DisplayPort 1.4


'DisplayPort 1.4' Articles

2018 MacBook Pros Have New 'Titan Ridge' Thunderbolt 3 Controller, But DisplayPort 1.4 Isn't Truly Supported

Earlier this week, the repair experts at iFixit opened up the 2018 MacBook Pro, uncovering Intel's new JHL7540 Thunderbolt 3 controller, introduced earlier this year as part of its "Titan Ridge" family. While the specifications for the JHL7540 lists compatibility with DisplayPort 1.4 on Intel's product database, it's not as clear-cut as it sounds, as support also relies on graphics, which vary by MacBook Pro model. MacRumors reached out to Apple for clarification. Here's what we learned:The new 15-inch MacBook Pro with Touch Bar models support DisplayPort at High-Bit Rate 3 (HBR3), a signal standard of both DisplayPort 1.3 and DisplayPort 1.4. Apple says the dedicated Radeon Pro graphics can drive up to two 5K displays at 60Hz, each over a single stream. The new 13-inch MacBook Pro with Touch Bar models support DisplayPort at High-Bit Rate 2 (HBR2), a signal standard of DisplayPort 1.2. This is a limitation of the Iris Plus Graphics 655 in these models, as Intel's integrated GPUs do not support DisplayPort 1.4.What that means:The new 15-inch MacBook Pro theoretically supports DisplayPort 1.4, which Apple confirmed, but at least for now, it still can't drive an 8K display. It could be possible with VESA's lossless Display Stream Compression standard, perhaps, but it's unclear if this can be enabled down the road. For now, then, the new 13-inch and 15-inch models have the same compatibility with external displays as the previous-generation MacBook Pro: up to two 5K displays or up to four 4K displays on the 15-inch model, and up to one 5K display or up to two 4K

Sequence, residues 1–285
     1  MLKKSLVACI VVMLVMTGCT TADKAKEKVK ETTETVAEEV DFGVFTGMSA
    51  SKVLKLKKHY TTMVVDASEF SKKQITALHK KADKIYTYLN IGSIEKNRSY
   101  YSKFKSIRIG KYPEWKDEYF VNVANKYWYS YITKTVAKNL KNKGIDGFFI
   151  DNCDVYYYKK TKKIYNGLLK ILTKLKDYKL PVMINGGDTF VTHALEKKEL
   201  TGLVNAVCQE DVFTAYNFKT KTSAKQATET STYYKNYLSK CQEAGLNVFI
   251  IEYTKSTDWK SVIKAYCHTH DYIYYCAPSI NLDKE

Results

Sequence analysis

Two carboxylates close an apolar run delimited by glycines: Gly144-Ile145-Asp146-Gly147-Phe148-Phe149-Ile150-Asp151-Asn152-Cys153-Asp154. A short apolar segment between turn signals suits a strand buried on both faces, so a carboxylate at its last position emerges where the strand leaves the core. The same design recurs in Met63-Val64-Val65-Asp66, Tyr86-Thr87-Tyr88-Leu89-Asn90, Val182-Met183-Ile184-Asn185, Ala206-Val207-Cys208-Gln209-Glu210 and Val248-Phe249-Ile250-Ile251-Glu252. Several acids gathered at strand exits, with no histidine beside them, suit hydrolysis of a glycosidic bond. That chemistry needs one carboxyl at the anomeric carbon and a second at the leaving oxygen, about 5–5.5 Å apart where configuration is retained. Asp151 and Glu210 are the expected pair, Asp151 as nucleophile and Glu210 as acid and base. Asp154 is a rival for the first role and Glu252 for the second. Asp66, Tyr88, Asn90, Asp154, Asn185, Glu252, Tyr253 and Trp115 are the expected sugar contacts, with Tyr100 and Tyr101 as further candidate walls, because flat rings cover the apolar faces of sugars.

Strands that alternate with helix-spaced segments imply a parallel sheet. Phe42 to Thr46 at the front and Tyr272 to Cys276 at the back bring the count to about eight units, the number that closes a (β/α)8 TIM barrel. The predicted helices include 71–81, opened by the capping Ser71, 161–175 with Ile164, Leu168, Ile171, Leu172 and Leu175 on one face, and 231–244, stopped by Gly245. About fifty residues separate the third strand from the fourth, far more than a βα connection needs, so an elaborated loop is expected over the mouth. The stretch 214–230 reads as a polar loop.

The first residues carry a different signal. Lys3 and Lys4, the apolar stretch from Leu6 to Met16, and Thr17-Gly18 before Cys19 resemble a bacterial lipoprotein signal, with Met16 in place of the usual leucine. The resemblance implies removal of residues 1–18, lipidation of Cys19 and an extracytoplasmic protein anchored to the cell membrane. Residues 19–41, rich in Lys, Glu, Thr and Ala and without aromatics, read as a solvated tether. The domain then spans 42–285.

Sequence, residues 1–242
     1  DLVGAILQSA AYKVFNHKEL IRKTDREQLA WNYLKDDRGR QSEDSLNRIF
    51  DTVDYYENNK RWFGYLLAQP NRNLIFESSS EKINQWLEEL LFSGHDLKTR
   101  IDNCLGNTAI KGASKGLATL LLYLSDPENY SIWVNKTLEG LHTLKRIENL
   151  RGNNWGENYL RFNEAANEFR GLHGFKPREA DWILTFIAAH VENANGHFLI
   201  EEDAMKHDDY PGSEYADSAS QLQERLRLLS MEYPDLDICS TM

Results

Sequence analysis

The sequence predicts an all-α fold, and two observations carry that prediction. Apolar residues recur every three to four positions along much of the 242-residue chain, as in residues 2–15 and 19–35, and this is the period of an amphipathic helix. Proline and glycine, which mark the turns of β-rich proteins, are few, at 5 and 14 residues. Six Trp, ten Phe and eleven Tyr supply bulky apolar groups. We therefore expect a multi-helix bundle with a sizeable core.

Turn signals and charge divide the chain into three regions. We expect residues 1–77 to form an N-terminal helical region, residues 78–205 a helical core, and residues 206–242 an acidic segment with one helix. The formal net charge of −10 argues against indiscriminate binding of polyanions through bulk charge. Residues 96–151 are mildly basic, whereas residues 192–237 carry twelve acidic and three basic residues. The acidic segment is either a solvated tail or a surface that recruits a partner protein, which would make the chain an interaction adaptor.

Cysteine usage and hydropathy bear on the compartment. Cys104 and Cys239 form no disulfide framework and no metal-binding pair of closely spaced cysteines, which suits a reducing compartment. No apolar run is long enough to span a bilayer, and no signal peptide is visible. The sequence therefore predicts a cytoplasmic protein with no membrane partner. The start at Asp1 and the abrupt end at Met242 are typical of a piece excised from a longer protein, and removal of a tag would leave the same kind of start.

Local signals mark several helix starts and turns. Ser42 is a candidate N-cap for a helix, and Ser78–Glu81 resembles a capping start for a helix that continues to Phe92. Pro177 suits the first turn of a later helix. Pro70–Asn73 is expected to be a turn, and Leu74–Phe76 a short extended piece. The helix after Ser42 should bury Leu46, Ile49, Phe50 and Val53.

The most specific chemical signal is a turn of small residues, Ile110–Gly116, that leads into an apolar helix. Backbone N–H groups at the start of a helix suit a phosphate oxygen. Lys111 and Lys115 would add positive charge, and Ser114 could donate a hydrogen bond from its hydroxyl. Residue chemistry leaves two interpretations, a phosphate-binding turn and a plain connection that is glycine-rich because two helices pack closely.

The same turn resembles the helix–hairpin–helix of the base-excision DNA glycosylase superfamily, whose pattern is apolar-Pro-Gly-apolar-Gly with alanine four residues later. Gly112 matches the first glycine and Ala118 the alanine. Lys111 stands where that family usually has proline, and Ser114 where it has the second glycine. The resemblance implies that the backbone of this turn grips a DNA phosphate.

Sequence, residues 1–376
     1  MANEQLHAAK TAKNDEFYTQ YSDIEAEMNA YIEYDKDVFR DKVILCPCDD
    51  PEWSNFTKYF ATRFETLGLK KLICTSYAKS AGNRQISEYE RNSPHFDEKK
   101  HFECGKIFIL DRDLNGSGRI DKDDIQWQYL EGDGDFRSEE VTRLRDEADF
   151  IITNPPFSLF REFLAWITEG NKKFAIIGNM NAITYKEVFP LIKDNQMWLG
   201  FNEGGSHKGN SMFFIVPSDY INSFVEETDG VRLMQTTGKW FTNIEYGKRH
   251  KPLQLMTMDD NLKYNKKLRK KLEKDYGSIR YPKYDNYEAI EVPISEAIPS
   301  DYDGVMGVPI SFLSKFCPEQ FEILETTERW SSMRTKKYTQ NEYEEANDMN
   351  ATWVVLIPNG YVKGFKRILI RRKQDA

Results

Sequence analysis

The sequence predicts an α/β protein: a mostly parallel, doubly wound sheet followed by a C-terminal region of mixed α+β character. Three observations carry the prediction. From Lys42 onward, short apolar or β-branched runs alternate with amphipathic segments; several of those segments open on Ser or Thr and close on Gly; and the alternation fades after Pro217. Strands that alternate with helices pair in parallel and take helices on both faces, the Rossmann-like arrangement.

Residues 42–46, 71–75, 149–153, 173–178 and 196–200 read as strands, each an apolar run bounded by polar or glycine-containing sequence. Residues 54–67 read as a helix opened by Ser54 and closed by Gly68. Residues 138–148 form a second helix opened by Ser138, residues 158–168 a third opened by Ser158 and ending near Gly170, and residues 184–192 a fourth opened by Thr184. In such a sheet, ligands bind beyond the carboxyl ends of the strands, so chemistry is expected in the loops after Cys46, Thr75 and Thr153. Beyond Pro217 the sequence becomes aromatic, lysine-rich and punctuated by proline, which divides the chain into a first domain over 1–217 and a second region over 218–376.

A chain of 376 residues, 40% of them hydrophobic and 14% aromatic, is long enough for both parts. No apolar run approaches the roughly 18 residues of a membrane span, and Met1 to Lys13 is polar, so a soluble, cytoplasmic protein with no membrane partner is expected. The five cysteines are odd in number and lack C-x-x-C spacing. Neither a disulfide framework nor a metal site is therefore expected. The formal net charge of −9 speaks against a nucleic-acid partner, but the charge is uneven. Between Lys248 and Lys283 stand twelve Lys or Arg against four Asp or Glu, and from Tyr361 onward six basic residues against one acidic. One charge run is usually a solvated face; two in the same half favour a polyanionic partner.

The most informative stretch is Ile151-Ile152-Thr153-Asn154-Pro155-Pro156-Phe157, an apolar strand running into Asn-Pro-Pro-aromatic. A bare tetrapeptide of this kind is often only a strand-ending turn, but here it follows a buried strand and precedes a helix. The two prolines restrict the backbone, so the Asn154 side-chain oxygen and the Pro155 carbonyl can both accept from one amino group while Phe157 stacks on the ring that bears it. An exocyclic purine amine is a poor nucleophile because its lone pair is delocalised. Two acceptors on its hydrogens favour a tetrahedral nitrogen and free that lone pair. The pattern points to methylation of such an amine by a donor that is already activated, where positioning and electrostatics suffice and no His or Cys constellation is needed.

DisplayPort 1.4 to Use 'Lossless' Compression for Higher-Quality 8K Video Over USB-C

The Video Electronics Standards Association yesterday formally announced its new DisplayPort 1.4 standard, setting the stage for improved video quality and color for external display connections over both DisplayPort and USB-C connectors. Rather than an increase in actual bandwidth, the improvements in DisplayPort 1.4 come due to improved compression, taking advantage of VESA's new Display Stream Compression 1.2 standard to support High Dynamic Range (HDR) video up to either 8K resolution at 60 Hz or 4K resolution at 120 Hz.DSC version 1.2 transport enables up to 3:1 compression ratio and has been deemed, through VESA membership testing, to be visually lossless. Together with other new capabilities, this makes the latest version of DP ideally suited for implementation in high-end electronic products demanding premier sound and image quality. In addition to video-related improvements, DisplayPort 1.4 also expands audio capabilities with support for 32 channels, 1536kHz sample rates, and broader support for "all known" audio formats. The approval of DisplayPort 1.4 comes even though consumers are still awaiting the arrival of devices supporting the previous DisplayPort 1.3 standard. Intel had been expected to support DisplayPort 1.3 in its current Skylake generation of chips, but the company instead opted to offer dual DisplayPort 1.2 support. As we detailed earlier this year, the lack of DisplayPort 1.3 support in Skylake could lead Apple to hold off on releasing a new 5K Thunderbolt Display until next year when chips supporting the standard become available.